Dallas Jewish community bands together to weather deadly storm

Texans face a brutal winter storm that freezes devices in power plants across the country and disconnects millions of people across the state. Residents are struggling to stay warm in an area of ​​the country colder than parts of Alaska this week.

“Everything comes in threes,” Mariam Shpeen Feist, executive director of the Jewish Federation of Greater Dallas, told Jewish Insider on Tuesday afternoon. First, she stated that it was a 2019 tornado that destroyed the building and homes of the Federation of members of the Jewish community. Six months later, the COVID-19 pandemic hit the country’s economy and infrastructure. Now the cold has arrived.

Despite freezing temperatures that have already resulted in more than a dozen deaths across the state, Feist is trying to stay positive. The association works with local Jewish organizations to support parishioners through food deliveries, temporary housing, and heating.

This interview has been edited and condensed.

Jewish insider: Do you feel like someone was prepared for this?

Mariam Shpeen Feist: It’s like asking, “Are you prepared for the pandemic or tornado?” … I think yesterday was really a day of shock because I think no one expected it. We were expecting the rolling blackouts, but promised they would last 15 to 45 minutes each … Some people, thankfully, haven’t lost any power at all. I understand from one of our city councilors who is Jewish. I think she said these streets are places that haven’t lost power because of the electricity company or the fire [department]Whoever it is knows that there are people who have oxygen or other things that keep them alive on these streets. And that’s why they ensure that these areas do not lose power.

The rhythm I’ve seen now [at home] since Sunday at 2 a.m.: We are on the road for about 12 hours at a time and then we are on the road for two hours. Off for 12 hours, one for two hours. I have other people on my team or people we know in the community. You’ve had maybe four hours of electricity since two a.m. on Sunday. I have [people’s homes] Where pipes burst now, their houses will be flooded on the frost. And there is no place to go. There is no hotel room with electricity. There are just no places to go. And so our JCC tried to be a heat center to open, but we did [couldn’t] Get the parking lot de-iced. We can’t make it safe.

People really help people. We have a Facebook page called Dallas Jewish Moms – the pouring out of strangers who literally tell strangers to come to their homes, to open their homes to the babies, to the dogs, to the families. You know it’s amazing And that’s Dallas. That’s resilience and just people, they put COVID second. First is people’s lives. “Put on a mask and come to our house”. That’s what they’re dealing with. So it’s pretty incredible.

APPEAR: What is the community doing to support those who are having trouble this week?

Feist: because [of] During the pandemic, the association organized a so-called team for managing health crises. And these were rabbis who were the heads of our Rabbinic Association of Greater Dallas, the heads of Chabad and the heads of Orthodox rabbis, and our greatest CEOs of our largest agencies, like our JCC, our senior housing and so on. So we have the infrastructure. [On Monday]We were all so shocked that today we started working on who is open, who can be a heat center, what we have, what is happening. We’re all just trying to coordinate with each other to make sure people are safe. So the synagogues are really closing together where they don’t open as much as they find a family, parishioners who take in other parishioners, Jewish parishioners from other synagogues. We’re all just trying to band together to see this through.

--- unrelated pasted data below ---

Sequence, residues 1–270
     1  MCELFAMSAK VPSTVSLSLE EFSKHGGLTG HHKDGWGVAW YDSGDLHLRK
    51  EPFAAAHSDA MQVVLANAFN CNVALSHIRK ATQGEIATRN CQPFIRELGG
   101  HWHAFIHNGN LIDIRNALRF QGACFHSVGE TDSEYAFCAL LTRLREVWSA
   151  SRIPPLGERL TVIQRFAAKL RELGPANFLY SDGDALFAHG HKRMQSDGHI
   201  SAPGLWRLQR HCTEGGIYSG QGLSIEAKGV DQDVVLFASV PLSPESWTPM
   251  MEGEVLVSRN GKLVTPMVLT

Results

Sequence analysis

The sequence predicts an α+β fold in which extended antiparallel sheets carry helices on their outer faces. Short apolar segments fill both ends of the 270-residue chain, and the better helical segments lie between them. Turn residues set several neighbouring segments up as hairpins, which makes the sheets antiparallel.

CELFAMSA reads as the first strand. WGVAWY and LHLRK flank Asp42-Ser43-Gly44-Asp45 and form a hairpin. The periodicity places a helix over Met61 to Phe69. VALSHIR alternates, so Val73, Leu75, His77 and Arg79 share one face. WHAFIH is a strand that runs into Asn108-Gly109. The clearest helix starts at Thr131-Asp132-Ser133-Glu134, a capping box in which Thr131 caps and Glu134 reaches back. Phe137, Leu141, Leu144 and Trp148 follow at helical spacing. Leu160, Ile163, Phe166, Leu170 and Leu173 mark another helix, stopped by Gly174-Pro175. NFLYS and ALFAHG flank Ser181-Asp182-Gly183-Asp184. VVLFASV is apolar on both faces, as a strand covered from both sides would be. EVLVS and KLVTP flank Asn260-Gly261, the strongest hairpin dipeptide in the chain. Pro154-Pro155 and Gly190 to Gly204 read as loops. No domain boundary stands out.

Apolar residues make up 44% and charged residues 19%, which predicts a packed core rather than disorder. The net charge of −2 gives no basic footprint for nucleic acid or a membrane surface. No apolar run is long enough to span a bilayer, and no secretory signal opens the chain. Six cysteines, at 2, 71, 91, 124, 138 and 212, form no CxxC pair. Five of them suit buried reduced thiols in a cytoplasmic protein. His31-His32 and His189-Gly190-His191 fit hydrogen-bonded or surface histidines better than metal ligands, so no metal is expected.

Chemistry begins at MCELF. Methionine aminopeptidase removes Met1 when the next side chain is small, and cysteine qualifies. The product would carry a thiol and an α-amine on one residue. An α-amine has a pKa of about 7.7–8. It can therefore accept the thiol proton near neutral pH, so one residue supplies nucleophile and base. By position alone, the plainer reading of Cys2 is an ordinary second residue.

APPEAR: Now what are some of the different needs?

Feist: For example one of the kosher restaurants and grocery stores today [Kosher Palate] organized free meals in two different locations in south Dallas. So we’re working with them, the Dallas Jewish Community, the Dallas Jewish Community Association and Foundation to help fund these meals for the next two days. Because within two days we should be in better shape. You know, we’ll meet again in 48 hours, but it’s supposed to be 67 on Saturday [degrees] and sunny here. Hopefully we are not in the position we are in right now. So we’re going to help fund this while he works on it and works with all the synagogues. So the rabbis know it and can pass this information on to their congregation with discretion … But there are people who really have nothing to eat.

APPEAR: Are you in contact with the other associations in Texas?

Feist: I think we’ve all been so shocked that we’re just trying to take care of our own community before we realize what’s going on everywhere else. So I was in contact with [the director of the Jewish Federation of Greater Houston]. But unlike when Houston had a flood and we were able to deliver 30,000 kosher meals, we can’t help it, we’re in the same boat. And when we had the tornado, they were the first to call and say, “What do you need?” We’re both in the same boat now. We are everywhere like the pandemic. It is like the first time in history that Israel and all Jews around the world are going through the same crisis. Everyone in Texas is going through the same thing right now.

It is very humble to think that such a number of Americans live. It is humbling to know that I am lucky to have a roof over my head and have food. We care about making it through the night, but millions of Americans do it every night and every day. We keep counting our blessings.

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